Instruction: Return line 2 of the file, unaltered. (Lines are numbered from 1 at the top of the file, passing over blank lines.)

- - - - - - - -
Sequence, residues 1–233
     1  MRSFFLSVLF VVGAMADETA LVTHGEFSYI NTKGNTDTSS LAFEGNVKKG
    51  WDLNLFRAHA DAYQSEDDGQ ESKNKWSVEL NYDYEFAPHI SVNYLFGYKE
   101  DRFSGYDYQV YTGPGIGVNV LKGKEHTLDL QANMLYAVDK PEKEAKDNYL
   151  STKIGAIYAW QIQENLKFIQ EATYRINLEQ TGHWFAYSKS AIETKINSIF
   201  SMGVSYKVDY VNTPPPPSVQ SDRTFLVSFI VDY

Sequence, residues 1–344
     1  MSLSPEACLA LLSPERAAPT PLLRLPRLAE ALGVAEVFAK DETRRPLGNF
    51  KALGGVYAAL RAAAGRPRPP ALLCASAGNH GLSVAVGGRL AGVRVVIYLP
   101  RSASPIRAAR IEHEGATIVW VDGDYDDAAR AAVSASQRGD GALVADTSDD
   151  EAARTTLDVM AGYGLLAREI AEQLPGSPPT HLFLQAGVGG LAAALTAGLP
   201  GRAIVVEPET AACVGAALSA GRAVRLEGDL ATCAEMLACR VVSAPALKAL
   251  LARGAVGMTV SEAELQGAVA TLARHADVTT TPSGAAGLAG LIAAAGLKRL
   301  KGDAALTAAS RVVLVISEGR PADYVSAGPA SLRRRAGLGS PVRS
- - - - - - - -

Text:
     1  MRSFFLSVLF VVGAMADETA LVTHGEFSYI NTKGNTDTSS LAFEGNVKKG